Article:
1. Nowhere was the actual size of data sets specified, except for ‘very large’ and ‘Terrabytes’. I’d like to know the size of an individual data set, group of same model sets, and whole ensemble of open access sets.

    The entire AR4 collection hosted at PCMDI is approximately 30 TB of data. Individual netCDF files are no larger than 2GB in size, to respect those folks stuck with 32-bit netCDF-3 libraries. Given that “data set” is a rather fuzzy term (does that mean a single netCDF file, all the 20C3M atmospheric monthly mean netCDF files from a single model, a single realization, and so on) as well as the different geographic resolutions used by the different modeling groups, as well as other factors, I can’t really answer your questions.

    2. The reason for question one is that a number of people, myself included, have > 1T local storage and non-trivial amounts of compute capacity, and are already involved in climateprediction.net, about 50,000 active hosts currently. What is the possibility that this cross-model analysis could be written to run under BOINC control and distributed to many individual systems for a substantial increase in run capacity?

    As mentioned earlier, there may be restrictions imposed by non-US modeling groups regarding distribution of their data by 3rd parties. Additionally, reasonably good metrics on data accesses are needed to report back to funding agencies, to gain more funding, and distribution via 3rd parties makes that more difficult.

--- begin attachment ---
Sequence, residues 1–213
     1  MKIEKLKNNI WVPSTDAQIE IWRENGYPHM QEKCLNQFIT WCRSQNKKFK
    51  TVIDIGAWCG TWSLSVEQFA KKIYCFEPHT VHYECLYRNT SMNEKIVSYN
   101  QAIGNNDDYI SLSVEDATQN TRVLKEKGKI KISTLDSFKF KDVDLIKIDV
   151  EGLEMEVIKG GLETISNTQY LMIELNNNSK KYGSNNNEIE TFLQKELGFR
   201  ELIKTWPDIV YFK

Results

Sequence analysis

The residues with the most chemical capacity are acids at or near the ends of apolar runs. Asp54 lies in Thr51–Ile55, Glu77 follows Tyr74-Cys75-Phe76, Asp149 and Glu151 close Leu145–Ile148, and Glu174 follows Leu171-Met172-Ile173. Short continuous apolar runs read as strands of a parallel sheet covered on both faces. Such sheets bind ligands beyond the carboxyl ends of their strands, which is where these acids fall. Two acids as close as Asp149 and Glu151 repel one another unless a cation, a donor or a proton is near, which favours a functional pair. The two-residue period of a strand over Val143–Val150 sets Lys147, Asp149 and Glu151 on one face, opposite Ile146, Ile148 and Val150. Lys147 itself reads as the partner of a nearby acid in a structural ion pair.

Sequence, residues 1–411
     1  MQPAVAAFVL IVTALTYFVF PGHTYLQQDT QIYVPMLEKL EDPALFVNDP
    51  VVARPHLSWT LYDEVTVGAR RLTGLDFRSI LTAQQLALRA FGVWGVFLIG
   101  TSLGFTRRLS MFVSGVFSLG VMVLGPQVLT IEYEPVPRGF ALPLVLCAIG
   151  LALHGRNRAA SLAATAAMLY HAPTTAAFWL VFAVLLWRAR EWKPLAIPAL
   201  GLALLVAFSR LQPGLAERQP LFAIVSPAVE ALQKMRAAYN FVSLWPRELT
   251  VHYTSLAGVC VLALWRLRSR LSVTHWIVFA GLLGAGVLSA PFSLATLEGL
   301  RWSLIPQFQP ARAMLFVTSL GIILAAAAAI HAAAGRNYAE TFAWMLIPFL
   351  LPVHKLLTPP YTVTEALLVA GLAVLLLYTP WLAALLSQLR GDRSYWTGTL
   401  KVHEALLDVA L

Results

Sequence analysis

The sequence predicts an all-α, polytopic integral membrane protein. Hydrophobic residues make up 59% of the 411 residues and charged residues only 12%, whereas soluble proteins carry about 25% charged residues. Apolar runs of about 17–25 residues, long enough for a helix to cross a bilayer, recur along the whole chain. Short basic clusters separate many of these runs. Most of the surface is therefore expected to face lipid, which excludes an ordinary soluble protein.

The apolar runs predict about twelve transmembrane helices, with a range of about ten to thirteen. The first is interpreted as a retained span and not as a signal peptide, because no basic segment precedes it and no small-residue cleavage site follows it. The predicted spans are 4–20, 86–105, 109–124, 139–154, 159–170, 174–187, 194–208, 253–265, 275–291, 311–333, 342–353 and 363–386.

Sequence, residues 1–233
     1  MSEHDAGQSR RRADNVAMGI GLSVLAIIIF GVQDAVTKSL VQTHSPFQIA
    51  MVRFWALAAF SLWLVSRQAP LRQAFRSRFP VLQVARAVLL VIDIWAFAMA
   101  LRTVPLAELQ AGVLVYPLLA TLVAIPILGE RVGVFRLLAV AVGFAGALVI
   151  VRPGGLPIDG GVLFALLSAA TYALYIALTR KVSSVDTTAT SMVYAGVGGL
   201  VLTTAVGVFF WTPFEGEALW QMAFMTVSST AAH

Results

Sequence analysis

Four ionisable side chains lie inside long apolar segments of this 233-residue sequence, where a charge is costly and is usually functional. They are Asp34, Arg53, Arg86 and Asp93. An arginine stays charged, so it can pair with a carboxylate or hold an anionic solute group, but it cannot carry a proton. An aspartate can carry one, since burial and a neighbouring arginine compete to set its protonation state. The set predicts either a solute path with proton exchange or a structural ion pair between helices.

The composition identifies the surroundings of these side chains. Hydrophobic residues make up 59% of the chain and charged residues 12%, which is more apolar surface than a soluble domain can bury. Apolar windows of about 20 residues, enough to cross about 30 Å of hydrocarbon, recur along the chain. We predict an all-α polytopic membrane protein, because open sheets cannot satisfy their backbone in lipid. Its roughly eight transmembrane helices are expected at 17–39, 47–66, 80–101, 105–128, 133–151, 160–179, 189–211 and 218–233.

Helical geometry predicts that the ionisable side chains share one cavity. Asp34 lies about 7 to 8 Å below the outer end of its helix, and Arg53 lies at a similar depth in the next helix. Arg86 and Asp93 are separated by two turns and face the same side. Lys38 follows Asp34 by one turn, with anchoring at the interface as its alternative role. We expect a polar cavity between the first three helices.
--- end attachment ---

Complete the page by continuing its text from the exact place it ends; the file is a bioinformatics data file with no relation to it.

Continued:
3. Have you considered asking Amazon or Google to host the open part of the datasets for no charge to assist in this process?

    That would be messy, IMHO.

    Comment by Gary Strand — 18 Feb 2008 @ 11:48 PM

  144. I have difficulties to understand some of the reasoning about water vapour being a positive feedback, and still there being an equilibrium in the future.

    I understand that higher temperatures mean higher evaporation and higher specific humidity (without higher relative humidity due to the temperature increase). Because water vapour is a greenhouse gas (an important one), this leads to more greenhouse effect and higher temperatures and higher water vapour and on and on.

    However I don’t understand the part where it is said “until a new equilibrium is found”. Why would it stop at all? I mean, what will be the cause for, at a certain point, more humidity not to increase the greenhouse effect, or the increase of the greenhouse effect not to increase the temperature, or the increase of temperature not to increase the humidity? How does the cycle break? How is the new equilibrium found?

    Some people have written that at some point the increased evaporation won’t mean increased humidity, thanks to increased rains. Then more temperature wouldn’t mean more water vapour in the atmosphere and the cycle would break. However, rain means clouds, and some other people are defending that increased humidity levels won’t lead to increased cloudy areas. Furthermore, it has not happened so far with the increase we have already experienced in both temperature and humidity levels: there is no increase in cloudiness.

    So, what could be exactly the cause for the would-be new-found equilibrium? If it is because of rains, will it affect the clouds? How? When?

    Thanks,
    Nylo.